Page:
Madame Arcati is back from Turkey! I travelled about 2,500 kms by road – I won’t include the internal flights – in a week, from Istanbul in the north-west to Antioch (Antakya) in the south, close to the Syrian border, via Izmir, Konya, Adana and so many other places. I shall write about the trip at some point: I couldn’t file because of a tight schedule, and finding “I” on Turkish keyboards was irksome.
I saw the very best that the country has to offer – Christian historical and archaeological sites, hotels, restaurants, people, people, people. Then on the flight home fate seated me next to an Anglo-Turk who offered me another perspective on Turkey. She is a mountain tourist guide: she had just skied and trekked 9,000m down one Turkish mountain (I won’t name which to protect her identity) with her party.
“I detest the Turkish government,” she said. “Erdoğan [the PM] is gradually Islamicising the country – and the EU chooses to ignore this. We have conscription and the army adverts used to say something like: ‘Serve your country’. Now they say: ‘Fight in God’s Army’. Gradually the educated middle-classes are being eased out of the civil service and replaced by Muslims.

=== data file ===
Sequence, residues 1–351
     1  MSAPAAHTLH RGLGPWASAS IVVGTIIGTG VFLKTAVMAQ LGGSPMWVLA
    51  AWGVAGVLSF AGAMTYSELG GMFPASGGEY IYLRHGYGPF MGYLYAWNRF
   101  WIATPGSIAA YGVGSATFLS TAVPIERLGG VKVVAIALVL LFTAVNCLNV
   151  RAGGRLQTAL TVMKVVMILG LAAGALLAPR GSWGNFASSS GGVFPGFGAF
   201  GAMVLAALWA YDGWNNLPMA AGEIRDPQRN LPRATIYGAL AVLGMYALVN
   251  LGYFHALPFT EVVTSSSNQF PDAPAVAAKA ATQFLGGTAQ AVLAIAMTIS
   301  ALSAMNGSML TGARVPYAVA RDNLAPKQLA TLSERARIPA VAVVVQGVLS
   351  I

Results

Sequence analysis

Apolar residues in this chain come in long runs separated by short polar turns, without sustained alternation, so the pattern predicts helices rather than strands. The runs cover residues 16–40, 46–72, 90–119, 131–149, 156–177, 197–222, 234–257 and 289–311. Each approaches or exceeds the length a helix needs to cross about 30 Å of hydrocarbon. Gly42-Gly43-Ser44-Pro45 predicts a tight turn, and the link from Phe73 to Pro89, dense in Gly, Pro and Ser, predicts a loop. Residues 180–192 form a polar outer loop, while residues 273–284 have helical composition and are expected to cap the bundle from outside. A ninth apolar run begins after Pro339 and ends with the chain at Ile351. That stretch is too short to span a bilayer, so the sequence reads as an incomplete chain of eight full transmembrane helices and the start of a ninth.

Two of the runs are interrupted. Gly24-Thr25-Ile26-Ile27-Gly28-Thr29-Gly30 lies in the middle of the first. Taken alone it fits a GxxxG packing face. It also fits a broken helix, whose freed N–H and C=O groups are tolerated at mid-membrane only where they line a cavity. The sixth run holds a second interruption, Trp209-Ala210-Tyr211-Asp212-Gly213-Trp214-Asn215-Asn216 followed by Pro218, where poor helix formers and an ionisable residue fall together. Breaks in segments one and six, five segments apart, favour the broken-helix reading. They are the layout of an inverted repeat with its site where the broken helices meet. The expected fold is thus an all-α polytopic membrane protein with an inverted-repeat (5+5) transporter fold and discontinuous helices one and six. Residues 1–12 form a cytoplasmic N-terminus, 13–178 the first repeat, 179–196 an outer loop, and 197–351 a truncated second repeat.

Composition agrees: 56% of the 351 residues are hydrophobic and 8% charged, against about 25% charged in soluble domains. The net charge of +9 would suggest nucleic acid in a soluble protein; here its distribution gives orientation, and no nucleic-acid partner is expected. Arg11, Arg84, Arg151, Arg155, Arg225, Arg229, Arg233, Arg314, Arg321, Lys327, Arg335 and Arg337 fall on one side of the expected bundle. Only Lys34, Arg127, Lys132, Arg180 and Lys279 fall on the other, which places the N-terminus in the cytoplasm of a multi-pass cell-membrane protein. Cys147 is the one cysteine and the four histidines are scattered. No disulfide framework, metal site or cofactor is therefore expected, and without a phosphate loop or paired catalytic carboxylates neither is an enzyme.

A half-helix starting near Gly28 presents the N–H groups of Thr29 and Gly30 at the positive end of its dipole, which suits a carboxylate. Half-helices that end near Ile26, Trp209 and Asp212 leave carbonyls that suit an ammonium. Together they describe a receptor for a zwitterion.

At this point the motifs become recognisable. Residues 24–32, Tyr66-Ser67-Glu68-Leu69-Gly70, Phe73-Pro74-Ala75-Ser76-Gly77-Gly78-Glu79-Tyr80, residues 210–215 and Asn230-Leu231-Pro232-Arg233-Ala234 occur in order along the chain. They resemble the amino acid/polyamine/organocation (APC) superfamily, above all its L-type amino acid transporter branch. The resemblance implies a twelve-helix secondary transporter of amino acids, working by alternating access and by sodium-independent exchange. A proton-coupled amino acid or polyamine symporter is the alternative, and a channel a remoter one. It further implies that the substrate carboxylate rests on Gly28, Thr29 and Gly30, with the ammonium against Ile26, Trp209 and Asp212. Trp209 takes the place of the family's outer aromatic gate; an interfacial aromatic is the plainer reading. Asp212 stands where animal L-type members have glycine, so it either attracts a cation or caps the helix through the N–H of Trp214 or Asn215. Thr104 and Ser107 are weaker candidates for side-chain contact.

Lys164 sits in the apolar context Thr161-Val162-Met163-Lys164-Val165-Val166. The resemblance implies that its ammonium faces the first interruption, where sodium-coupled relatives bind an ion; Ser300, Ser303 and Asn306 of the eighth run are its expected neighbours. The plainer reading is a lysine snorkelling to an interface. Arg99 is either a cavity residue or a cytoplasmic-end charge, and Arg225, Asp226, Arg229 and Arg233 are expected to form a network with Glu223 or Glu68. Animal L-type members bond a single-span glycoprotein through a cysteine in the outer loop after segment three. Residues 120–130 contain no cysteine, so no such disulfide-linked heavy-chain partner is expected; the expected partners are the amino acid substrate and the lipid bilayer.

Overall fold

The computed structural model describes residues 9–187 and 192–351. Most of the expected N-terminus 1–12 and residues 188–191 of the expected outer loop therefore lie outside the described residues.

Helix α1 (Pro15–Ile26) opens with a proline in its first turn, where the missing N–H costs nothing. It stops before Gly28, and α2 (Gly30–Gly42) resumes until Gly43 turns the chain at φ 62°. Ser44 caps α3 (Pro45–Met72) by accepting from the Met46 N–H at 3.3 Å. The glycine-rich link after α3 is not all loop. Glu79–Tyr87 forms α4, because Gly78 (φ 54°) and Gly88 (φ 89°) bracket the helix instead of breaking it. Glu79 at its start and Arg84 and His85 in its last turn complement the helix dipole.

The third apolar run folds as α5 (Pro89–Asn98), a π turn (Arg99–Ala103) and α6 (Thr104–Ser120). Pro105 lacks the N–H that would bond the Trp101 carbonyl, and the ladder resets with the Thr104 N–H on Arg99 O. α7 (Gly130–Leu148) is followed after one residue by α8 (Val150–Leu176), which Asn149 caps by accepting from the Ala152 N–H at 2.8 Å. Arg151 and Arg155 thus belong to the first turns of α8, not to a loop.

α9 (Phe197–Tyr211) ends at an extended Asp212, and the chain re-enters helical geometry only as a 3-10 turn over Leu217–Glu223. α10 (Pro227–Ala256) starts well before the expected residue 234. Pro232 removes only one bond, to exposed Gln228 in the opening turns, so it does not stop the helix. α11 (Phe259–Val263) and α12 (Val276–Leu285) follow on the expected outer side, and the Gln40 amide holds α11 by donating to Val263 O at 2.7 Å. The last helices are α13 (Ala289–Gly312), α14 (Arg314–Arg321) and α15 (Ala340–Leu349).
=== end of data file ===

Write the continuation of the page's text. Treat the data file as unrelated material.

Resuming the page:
"Our government is meant to be secular but it isn’t now. And the mass tourism industry will destroy our environment. We have a severe water problem – last year Istanbul came within three or four days of running out of water. Even mountain weather trends are changing – I had to abandon part of my trip because it was too hot and the mountain villagers are running out of water. The ground is bone dry – the snow just evaporates. Yet the government allows the building of these great hotels which are often empty and make no money because everything is subsidised. The tourists don’t contribute much to the local economies because they stay in their hotels drinking cheap beers or buying leather jackets in the lobbies. The only good thing this government is doing is improving the roads.”
She's certainly correct about the roads.